Saturday, December 31, 2016

We don't need badges, or do we?

When I started my gamification journey, one of the sore spots, if you will, was the awarding of badges. On the one hand, I agree with the ideas in Daniel Pink's Drive and the overjustification effect, and which translates into "Badges ruining intrinsic motivation to learn". On the other hand, I have a gamer son, who keeps going back to specific games in his collection simply because he wants to get that elusive gold badge just so he can show it off in his profile. So which is it?

As I continued to ponder the answer to this question, I participated in a couple of workshops and PD that offered badges that could be "added to my profile". I was surprised by my own drive to complete the activities, not really for the sake of learning, but because I wanted to show off the badges I had. Badges were giving me a sense of accomplishment and encouraged me to persevere, even when I got bored! If badges were doing this for me, why was I being so reluctant to add them to my classroom?

I began exploring different ways that other educators have used badges and came up with two reasons that if addressed would make me re-think the whole badging issue.

First, if I were to include badges, I had to make sure that the badges represented real achievement. One of my concerns with badging is that it can simply become a sticker chart. The idea that everyone gets a badge simply for showing up or participating in an activity takes away the value of the badges. Let's face it if the students know that they will get a badge simply for filling in boxes in an assignment, will they put any effort into making sure that their answers are correct? Probably not. However, if they know that they will only get the badge if they get a high enough score, then they may feel that the badge has some value attached to it. Even better, let's say that they did not get a high score in the badge assignment(s) the first time around. Will knowing that they can re-work the assignment giving them more than one opportunity to earn the badge, motivate them to keep at it, even if they think it is boring or not worth their time? I think it will.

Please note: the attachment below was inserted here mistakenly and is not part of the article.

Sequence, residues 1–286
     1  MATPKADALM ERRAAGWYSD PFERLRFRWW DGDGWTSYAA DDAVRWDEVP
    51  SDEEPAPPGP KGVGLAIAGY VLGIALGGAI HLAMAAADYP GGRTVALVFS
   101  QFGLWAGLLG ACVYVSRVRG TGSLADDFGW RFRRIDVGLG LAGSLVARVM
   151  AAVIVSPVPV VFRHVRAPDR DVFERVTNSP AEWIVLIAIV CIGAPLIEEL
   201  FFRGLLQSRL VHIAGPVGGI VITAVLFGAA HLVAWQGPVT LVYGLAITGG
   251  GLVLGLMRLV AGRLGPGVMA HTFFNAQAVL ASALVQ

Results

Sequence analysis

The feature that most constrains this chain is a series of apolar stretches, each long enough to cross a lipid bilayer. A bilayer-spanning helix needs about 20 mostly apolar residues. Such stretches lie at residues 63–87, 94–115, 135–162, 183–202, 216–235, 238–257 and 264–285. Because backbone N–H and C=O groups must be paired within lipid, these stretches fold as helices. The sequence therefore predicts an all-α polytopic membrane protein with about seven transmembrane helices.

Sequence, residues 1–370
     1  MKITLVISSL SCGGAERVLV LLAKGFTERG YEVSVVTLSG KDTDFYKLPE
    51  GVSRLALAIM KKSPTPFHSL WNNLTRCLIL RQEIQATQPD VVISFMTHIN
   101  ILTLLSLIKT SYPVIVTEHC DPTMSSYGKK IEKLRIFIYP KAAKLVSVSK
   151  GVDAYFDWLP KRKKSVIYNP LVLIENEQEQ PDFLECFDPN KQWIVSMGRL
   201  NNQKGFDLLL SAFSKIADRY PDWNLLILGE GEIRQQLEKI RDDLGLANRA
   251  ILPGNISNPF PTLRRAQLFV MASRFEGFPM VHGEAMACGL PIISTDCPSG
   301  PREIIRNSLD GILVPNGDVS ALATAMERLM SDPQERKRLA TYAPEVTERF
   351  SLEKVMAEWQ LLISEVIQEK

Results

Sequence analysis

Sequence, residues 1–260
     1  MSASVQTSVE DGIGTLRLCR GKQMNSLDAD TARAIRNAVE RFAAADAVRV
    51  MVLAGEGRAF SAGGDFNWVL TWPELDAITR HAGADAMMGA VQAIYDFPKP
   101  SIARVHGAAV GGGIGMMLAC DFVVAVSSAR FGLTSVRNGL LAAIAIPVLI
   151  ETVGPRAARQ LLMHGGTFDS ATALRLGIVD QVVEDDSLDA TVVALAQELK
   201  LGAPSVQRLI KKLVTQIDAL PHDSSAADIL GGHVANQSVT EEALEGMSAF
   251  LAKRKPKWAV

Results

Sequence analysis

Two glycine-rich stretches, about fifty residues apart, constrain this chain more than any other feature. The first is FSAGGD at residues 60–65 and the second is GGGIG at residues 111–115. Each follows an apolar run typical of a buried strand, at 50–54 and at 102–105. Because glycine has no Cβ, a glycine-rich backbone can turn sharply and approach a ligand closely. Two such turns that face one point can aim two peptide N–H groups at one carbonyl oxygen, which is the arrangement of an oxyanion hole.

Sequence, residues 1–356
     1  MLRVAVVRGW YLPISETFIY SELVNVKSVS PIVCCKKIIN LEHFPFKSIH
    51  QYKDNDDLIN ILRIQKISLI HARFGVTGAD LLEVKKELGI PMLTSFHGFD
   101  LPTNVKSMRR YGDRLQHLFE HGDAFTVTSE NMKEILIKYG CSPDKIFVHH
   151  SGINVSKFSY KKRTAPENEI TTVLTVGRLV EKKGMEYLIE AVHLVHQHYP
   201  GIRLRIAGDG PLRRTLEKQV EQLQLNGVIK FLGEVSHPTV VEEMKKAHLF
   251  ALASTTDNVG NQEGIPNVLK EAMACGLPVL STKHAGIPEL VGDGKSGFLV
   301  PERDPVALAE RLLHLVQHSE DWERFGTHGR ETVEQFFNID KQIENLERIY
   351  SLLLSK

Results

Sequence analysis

Now, if this is the case, then I knew that I needed to be able to make my own badges. There are several online tools that allow us to do that. ClassbadgesCredly and OpenBadges come to mind. However, I prefer to fully create my own simply using GoogleDraw and clearly explained here by Alice Keeler.

Second, the whole idea of badges for me is that they must be public. Students will want to know, not only if they have the badge, but also who else in the classroom has it. That gamer sense of competition and being able to showcase achievement adds value to the badge. The tools mentioned before for creating the badges, also allow students to log in and view their badges. Now this would require students to create an account and/or log in with accounts that the teacher creates. That, for me, was a no go, and although I toyed with the idea of creating my own system using GoogleSheets, I decided against it (simply due to time constraints), when I came across's Badge Tracker. With a few tweaks, this tool allowed me to import the data of my existing leaderboard, use my own badges and embed it in my webpage for public viewing. All around win!

For now, I have decided on three types of badges:

Leveled Badges: These symbolize achievement in on-going assignments. Students will earn these badges by scoring well on their weekly writings and reading assignments.

Project Badges: These badges represent the skills and knowledge gained in a specific unit of study within the scope of science and engineering curriculum. 

Commitment Badges: These are badges awarded for achievement outside the leveled and project badges. What I envision here is, for example, a "Digital Citizenship" badge or a "Creative Commons" badge. 

So, what do you think about adding badges to your gamified classroom? I would love to hear your ideas.

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